– glS
    Sep 29 '21 at 15:44
  • $\begingroup$ I might be asking very trivial question here, sorry for that. But could you shed some light on how you get these $ A_y \sigma_y $. That's really the main point of asking this question. If you can show some example or post a link to where this is happening, it would be a life saver. Thanks! $\endgroup$
    – Sajal
    Sep 30 '21 at 6:22
  • $\begingroup$ You just find the full set of Pauli operators (there's $4^n$ of them) as the $\sigma_y$. You then find the $A_y$ as I specified - multiply your $A$ by $\sigma_y$ and take the trace. $\endgroup$
    – DaftWullie
    Sep 30 '21 at 10:14
  • $\begingroup$ Thanks! Explained beautifully! $\endgroup$
    – Sajal
    Sep 30 '21 at 13:41
  • $\begingroup$ And in case it helps, the only reason the coefficients $A_y$ are real is because the example matrix is Hermitian, not because the matrix elements of $A$ are real. $\endgroup$
    – chrysaor4
    Sep 30 '21 at 19:26

Adapting the answer above, if anyone needs implementation to this question in Qiskit.

from itertools import product
import numpy as np

from qiskit.quantum_info import Operator
from qiskit.circuit import library

def make_square(matrix):
    # Pad with 0 to make square matrix
    if matrix.shape[0] != matrix.shape[1]:
        if matrix.shape[0] > matrix.shape[1]:
            # Pad columns
            pad_width = [(0, 0), (0, matrix.shape[0] - matrix.shape[1])]
            # Pad rows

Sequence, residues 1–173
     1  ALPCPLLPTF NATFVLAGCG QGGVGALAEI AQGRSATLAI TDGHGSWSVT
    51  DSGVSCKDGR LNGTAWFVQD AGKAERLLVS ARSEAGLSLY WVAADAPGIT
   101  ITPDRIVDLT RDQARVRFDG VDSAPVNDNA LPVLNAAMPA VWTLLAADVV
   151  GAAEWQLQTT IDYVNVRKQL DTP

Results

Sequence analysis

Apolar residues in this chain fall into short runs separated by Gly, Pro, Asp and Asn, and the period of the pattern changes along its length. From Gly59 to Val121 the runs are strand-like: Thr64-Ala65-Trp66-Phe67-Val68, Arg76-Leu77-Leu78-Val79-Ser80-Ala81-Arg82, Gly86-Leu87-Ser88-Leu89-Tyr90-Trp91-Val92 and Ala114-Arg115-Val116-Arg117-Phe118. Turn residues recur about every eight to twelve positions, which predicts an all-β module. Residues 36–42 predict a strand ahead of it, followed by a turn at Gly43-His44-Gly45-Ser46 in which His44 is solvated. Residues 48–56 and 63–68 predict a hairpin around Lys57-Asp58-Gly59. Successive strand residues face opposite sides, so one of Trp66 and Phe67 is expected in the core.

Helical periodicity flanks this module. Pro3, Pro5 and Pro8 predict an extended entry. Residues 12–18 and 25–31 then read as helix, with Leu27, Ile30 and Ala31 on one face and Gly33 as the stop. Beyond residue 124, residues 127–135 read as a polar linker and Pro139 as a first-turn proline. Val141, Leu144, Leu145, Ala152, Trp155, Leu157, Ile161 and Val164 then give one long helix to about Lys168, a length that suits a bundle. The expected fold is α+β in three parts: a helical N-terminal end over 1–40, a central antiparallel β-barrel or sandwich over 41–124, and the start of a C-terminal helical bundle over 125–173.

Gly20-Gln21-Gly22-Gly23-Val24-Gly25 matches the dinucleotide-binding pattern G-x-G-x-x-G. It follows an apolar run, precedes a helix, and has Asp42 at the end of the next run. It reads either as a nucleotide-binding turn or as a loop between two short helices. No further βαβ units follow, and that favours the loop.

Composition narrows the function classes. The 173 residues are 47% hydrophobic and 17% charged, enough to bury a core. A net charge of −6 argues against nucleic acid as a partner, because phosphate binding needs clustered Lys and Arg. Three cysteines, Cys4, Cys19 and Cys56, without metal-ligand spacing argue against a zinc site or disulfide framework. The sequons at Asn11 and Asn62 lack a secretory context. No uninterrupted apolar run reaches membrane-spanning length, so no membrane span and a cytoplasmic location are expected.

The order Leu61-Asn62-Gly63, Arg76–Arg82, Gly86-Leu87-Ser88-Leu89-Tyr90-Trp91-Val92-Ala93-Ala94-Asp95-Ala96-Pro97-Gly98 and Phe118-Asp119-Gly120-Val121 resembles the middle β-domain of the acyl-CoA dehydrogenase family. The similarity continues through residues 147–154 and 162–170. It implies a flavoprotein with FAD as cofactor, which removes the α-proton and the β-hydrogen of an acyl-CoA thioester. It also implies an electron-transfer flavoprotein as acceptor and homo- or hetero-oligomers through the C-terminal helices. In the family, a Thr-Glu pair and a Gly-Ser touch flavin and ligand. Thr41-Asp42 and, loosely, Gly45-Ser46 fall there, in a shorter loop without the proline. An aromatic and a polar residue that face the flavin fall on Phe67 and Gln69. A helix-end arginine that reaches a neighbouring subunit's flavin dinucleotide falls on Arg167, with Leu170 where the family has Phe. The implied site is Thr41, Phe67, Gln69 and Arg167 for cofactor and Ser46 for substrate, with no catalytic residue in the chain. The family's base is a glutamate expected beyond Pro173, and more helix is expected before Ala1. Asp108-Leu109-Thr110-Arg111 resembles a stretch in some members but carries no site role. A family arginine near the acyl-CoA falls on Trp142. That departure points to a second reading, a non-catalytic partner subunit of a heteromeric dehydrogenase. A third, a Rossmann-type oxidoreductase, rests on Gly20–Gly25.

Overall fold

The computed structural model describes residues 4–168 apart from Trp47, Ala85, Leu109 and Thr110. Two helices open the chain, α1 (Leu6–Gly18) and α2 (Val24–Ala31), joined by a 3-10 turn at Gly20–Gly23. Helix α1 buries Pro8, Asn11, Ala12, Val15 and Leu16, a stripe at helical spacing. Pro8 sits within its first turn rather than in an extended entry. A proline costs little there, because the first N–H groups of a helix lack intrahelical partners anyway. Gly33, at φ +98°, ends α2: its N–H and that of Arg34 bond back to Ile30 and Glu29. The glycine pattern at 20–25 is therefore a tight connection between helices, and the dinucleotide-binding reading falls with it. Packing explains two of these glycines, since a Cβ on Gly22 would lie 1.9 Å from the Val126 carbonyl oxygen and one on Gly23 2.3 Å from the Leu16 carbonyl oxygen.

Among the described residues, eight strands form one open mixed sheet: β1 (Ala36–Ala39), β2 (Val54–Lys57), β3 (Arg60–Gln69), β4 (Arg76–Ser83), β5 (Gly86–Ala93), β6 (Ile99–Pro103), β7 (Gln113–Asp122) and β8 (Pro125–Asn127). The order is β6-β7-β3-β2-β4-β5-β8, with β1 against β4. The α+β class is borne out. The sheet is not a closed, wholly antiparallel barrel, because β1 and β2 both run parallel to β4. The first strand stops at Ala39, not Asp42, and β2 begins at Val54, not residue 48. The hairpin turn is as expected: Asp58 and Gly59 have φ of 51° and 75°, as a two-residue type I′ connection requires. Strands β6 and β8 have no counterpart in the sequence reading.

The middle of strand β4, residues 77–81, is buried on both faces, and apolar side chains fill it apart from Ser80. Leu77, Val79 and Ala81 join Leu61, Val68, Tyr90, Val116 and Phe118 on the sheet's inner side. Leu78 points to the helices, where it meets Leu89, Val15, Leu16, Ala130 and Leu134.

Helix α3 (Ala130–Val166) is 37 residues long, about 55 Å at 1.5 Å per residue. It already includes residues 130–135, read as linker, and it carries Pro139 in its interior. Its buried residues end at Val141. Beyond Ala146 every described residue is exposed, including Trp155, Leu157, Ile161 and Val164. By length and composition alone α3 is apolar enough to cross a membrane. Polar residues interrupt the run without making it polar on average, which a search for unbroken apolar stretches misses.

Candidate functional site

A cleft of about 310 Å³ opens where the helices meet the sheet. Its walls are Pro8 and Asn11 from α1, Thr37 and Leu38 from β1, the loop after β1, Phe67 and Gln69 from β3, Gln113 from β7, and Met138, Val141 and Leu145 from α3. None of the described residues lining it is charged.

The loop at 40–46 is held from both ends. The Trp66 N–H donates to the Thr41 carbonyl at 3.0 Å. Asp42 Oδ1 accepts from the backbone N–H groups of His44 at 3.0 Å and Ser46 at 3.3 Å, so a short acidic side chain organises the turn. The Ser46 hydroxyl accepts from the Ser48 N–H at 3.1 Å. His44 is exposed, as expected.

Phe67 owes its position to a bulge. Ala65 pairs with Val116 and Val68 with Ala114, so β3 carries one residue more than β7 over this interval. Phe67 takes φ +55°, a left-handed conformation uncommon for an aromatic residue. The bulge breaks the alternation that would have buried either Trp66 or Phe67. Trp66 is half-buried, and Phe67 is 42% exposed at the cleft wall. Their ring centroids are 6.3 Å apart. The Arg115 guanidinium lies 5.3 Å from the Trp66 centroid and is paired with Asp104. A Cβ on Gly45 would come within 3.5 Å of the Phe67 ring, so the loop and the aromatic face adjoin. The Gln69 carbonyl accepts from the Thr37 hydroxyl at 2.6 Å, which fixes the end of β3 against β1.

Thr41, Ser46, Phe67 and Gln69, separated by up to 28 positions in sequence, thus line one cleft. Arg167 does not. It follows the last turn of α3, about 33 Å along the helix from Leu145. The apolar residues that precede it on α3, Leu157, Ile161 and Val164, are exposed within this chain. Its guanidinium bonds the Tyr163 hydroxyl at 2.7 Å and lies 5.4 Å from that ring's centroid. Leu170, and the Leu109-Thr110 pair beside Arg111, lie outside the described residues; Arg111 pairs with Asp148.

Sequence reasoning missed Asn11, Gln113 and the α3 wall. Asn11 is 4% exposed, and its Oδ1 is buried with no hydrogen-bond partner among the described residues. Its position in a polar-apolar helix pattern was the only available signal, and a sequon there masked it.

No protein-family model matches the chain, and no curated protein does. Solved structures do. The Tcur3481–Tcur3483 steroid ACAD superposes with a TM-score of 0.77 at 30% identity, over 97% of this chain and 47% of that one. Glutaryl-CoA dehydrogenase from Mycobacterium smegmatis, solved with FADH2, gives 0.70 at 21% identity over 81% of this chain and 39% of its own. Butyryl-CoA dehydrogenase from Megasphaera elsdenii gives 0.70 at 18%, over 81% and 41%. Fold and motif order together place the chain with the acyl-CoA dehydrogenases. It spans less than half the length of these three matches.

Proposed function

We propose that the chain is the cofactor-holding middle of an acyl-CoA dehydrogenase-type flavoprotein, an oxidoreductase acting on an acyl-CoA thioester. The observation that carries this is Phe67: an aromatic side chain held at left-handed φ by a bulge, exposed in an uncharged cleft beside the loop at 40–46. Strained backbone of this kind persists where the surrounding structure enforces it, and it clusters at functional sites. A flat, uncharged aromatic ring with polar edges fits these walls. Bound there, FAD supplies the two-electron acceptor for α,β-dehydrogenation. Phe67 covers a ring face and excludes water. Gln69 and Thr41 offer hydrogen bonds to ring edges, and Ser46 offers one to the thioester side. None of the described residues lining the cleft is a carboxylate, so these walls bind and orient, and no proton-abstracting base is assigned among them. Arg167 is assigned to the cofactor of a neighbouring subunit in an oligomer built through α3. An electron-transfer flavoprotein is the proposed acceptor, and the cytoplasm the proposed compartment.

pad_width = [(0, matrix.shape[1] - matrix.shape[0]), (0, 0)]
        matrix = np.pad(matrix, pad_width)    
    return matrix

def get_pauli_bases(dimension):
    pauli = {
        'x': Operator(library.XGate().to_matrix()),
        'y': Operator(library.YGate().to_matrix()),
        'z': Operator(library.ZGate().to_matrix()),
        'i': Operator(library.IGate().to_matrix())

    bases = {}
    # Creates bases matrix in dimension mentioned in parameter
    # For dimension 1, bases = {I, X, Y, Z}
    # For dimension 2, bases = {II, IX, IY, IZ, XX, XY, XZ, YY, YZ, ZZ}
    if dimension == 1:
        return pauli
        for permutation in product(*[list(pauli.keys())]*dimension):
            permutation = "".join(permutation)
            bases[permutation] = pauli[permutation[0]]
            for idx in range(1, len(permutation)):
                bases[permutation] = bases[permutation].tensor(pauli[permutation[idx]])
        return bases

def linear_combination_pauli(matrix):
    matrix = make_square(matrix)
    matrix_len = matrix.shape[0]
    # Assuming matrix dimension is in power of 2
    nqubits = int(np.log2(matrix_len))
    bases = get_pauli_bases(nqubits)
    decomposition = {}
    for base, base_matrix in bases.items():
        decomposition[base] = np.trace(np.dot(base_matrix, matrix)) / matrix_len
    return decomposition, bases

def validate_decomposition(decompositon, bases, original):
    created = sum(coeff*matrix.data for coeff, matrix in zip(decomposition.values(), bases.values()))
    created = np.around(created, 3)
    return (created == original).all()